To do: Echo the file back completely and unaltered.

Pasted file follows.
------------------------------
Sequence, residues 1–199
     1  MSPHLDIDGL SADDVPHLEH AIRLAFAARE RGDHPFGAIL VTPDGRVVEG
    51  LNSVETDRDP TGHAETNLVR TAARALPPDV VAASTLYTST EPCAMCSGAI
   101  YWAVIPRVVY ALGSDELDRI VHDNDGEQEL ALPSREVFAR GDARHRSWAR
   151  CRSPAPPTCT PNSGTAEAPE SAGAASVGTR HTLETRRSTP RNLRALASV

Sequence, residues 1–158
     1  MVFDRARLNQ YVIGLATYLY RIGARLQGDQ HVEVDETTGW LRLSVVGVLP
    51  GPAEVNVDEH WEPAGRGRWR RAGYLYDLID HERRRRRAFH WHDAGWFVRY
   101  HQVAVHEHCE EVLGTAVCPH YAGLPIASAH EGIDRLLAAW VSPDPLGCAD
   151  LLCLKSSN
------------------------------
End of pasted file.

Sequence, residues 1–199
     1  MSPHLDIDGL SADDVPHLEH AIRLAFAARE RGDHPFGAIL VTPDGRVVEG
    51  LNSVETDRDP TGHAETNLVR TAARALPPDV VAASTLYTST EPCAMCSGAI
   101  YWAVIPRVVY ALGSDELDRI VHDNDGEQEL ALPSREVFAR GDARHRSWAR
   151  CRSPAPPTCT PNSGTAEAPE SAGAASVGTR HTLETRRSTP RNLRALASV

Sequence, residues 1–158
     1  MVFDRARLNQ YVIGLATYLY RIGARLQGDQ HVEVDETTGW LRLSVVGVLP
    51  GPAEVNVDEH WEPAGRGRWR RAGYLYDLID HERRRRRAFH WHDAGWFVRY
   101  HQVAVHEHCE EVLGTAVCPH YAGLPIASAH EGIDRLLAAW VSPDPLGCAD
   151  LLCLKSSN